The genetic information in eukaryotic cells is tightly wrapped around histone proteins to form chromatin, which is highly repressive to processes occurring on DNA. However, we know since pioneering studies by Vincent Allfrey in the early 1960s that histones are subjected to a wide variety of covalent post-translational modifications (PTMs) that can modulate DNA accessibility, thereby playing key roles in many biological processes. Thus, rather than a simple impediment, chromatin is a highly dynamic regulatory platform that helps to fine-tune the control of DNA metabolic processes, including transcription, replication and repair.
During the past three decades, we have witnessed major advances in our understanding of the functional role of histone PTMs in key cellular processes. Although most breakthrough discoveries were driven by scientific curiosity, many of them have far-reaching implications for the treatment of human disease. This is based on the notion that, unlike genetic alterations, most of the known histone PTMs are likely reversible, which offers considerable promise for therapeutic intervention. Importantly, there are increasing number of reports linking alterations of the histone PTM landscape to different cancer states. Our main interest is the characterization of the pathways leading to histone PTMs and their involvement in cancer.
Current research lines:
1-The role of histone H4R78me1 and its impact on Acute Myeloid Leukemia (AML) biology
Recent genomic analyses in myeloid leukemia patients have identified several mutations in genes encoding RNA splicing factors. Significantly, AML cells bearing splicing factor mutations are preferentially sensitive to genetic or pharmacologic modulation of splicing, thereby providing a therapeutic window of opportunity. We have characterized the genome-wide distribution of histone H4 arginine 78 mono-methylation (H4R78me1) in AML cells and found that it extensively overlaps with that of a transcription factor co-purifying with the core splicing machinery. This transcription factor is overexpressed in AML patient samples, where high expression levels significantly correlates with poor prognosis. We are currently investigating the molecular pathways leading to H4R78me1 and their possible impact on AML biology.
2-H3K37me1: Genome-wide distribution and role in DNA replication origin firing
DNA replication stress is a major cause of genome instability, which is considered a hallmark of cancer. It is well-established that oncogene activation can cause alterations of the DNA replication program, giving rise to replication stress. This has led to the proposal of a model for cancer development in which oncogene-induced DNA replication stress, an early driver of genomic instability in pre-cancerous cells, will in turn generate the genetic diversity necessary for cancer cells to escape apoptosis. Remarkably, DNA replication stress is not a common feature of normal cells, thereby representing a promising target for cancer-specific therapies. Our previous studies in yeast indicate that mono-methylation of histone H3 at lysine 37 (H3K37me1) safeguards the correct execution of the DNA replication program by restricting replication initiation to conventionally used origins of replication. We are currently investigating the conservation of H3K37me1 function in human cells.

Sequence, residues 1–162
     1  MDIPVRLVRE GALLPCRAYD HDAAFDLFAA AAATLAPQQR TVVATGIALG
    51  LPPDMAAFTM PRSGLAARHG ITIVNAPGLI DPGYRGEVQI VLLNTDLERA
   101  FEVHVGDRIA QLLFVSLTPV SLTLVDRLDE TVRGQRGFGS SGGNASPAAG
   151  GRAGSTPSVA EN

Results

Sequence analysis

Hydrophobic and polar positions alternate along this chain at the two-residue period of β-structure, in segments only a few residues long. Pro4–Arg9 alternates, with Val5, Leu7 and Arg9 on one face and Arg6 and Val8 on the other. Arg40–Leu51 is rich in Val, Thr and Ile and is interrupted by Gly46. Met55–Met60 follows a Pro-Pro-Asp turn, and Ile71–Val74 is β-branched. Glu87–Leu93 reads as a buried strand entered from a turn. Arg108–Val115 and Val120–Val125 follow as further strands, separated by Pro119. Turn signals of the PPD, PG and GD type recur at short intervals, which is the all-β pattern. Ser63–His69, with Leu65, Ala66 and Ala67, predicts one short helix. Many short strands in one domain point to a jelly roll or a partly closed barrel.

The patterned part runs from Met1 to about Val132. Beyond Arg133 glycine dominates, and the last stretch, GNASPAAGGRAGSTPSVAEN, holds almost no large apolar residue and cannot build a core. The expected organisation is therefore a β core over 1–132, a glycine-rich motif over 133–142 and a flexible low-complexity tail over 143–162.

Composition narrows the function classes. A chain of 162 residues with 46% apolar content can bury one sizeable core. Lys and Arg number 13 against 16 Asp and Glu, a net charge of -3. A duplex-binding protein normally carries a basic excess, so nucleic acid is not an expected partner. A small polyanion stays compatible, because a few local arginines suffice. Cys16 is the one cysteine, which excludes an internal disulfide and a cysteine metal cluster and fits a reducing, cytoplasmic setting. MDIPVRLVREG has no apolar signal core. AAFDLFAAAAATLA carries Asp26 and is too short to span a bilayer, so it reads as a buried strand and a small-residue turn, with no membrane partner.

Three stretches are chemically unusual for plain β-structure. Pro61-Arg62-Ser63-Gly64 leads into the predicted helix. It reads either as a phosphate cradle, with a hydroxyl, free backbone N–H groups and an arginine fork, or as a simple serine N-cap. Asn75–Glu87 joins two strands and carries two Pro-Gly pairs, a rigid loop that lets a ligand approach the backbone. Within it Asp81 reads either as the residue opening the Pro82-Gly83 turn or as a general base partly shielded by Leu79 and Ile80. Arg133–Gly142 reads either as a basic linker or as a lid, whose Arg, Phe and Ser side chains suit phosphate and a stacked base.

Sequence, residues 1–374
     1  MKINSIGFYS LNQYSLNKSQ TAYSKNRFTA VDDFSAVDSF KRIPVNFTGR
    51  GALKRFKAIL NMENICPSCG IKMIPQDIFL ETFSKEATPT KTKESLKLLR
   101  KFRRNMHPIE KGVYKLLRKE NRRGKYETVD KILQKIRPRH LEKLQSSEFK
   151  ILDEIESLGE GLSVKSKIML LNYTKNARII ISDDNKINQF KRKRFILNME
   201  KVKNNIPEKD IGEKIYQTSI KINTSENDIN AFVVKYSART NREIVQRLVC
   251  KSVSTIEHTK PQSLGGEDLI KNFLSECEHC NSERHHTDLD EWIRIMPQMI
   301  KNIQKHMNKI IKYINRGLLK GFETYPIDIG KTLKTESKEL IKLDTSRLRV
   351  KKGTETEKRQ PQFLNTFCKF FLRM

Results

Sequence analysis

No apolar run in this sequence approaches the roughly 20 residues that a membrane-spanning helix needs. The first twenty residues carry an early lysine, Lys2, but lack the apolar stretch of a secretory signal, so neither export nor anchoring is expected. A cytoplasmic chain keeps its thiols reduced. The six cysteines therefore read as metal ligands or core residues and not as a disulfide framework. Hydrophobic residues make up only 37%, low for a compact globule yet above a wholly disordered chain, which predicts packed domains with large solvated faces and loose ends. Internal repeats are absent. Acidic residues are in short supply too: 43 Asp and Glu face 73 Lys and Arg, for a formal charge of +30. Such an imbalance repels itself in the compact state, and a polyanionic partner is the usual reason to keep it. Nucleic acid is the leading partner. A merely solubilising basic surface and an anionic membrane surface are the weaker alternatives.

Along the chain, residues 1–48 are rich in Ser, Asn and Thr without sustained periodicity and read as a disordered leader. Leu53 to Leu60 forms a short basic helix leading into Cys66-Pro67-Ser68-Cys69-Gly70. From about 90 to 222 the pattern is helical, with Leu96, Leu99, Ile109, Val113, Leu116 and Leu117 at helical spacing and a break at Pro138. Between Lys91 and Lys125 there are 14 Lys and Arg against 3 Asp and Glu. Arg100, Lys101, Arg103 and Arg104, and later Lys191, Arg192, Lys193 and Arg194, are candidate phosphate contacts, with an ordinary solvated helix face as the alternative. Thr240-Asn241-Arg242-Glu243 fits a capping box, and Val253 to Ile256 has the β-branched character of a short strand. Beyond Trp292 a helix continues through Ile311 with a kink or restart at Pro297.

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1. Millán-Zambrano G, Burton A, Bannister AJ, Schneider R. (2022) Histone post-translational modifications-cause and consequence of genome function. Nat Rev Genet. Online ahead of print.
2. Santos-Rosa H*, Millán-Zambrano G*, Han N*, Leonardi T, Klimontova M, Nasiscionyte S, Pandolfini L, Tzelepis K, Bartke T, Kouzarides T. (2021) Methylation of histone H3 at lysine 37 by Set1 and Set2 prevents spurious DNA replication. Mol Cell. S1097-2765(21)00326-9. (*Joint first author).
3. Herrero-Ruiz A, Martínez-García PM, Terrón-Bautista J, Millán-Zambrano G, Lieberman JA, Jimeno-González S, Cortés-Ledesma F. (2021) Topoisomerase IIα represses transcription by enforcing promoter-proximal pausing. Cell Rep. 13;35(2):108977.
4. Puddu F, Herzog M, Selivanova A, Wang S, Zhu J, Klein-Lavi S, Gordon M, Meirman R, Millan-Zambrano G, Ayestaran I, Salguero I, Sharan R, Li R, Kupiec M, Jackson SP. (2019) Genome architecture and stability in the Saccharomyces cerevisiae knockout collection. Nature 573(7774):416-420.
5. Millan-Zambrano G#, Santos-Rosa H, Puddu F, Robson SC, Jackson SP, Kouzarides T. (2018) Phosphorylation of Histone H4T80 Triggers DNA Damage Checkpoint Recovery. Mol Cell 72(4):625-635.e4. (#Co-corresponding author).
6. Gutiérrez G*, Millán-Zambrano G*, Medina DA, Jordán-Pla A, Pérez-Ortín JE, Peñate X, Chávez S. (2017) Subtracting the sequence bias from partially digested MNase-seq data reveals a general contribution of TFIIS to nucleosome positioning. Epigenetics&Chromatin 10(1):58. (*Joint first author).
7. Barbieri I, Tzelepis K, Pandolfini L, Shi J, Millán-Zambrano G, Robson SC, Aspris D, Migliori V, Bannister AJ, Han N, De Braekeleer E, Ponstingl H, Hendrick A, Vakoc CR, Vassiliou GS, Kouzarides T. (2017) Promoter-bound METTL3 maintains myeloid leukaemia by m6A-dependent translation control. Nature 552(7683):126-131.
8. Gomez-Herreros F, Margaritis T, Rodriguez-Galan O, Pelechano V, Begley V, Millán-Zambrano G, Morillo-Huesca M, Muñoz-Centeno M, Jose E. Perez-Ortin JE, de la Cruz J, Holestege F, Chavez S. (2017) The ribosome assembly gene network is controlled by the feedback regulation of transcription elongation. Nucleic Acids Res 45(16):9302-9318.
9. Sayou C, Millán-Zambrano G, Santos-Rosa H, Petfalski E, Robson S, Houseley J, Kouzarides T, Tollervey D. (2017) RNA Binding by Histone Methyltransferases Set1 and Set2. Mol Cell Biol 37(14). pii: e00165-17.
Full publication list:
ORCID ID: https://orcid.org/0000-0002-4530-6359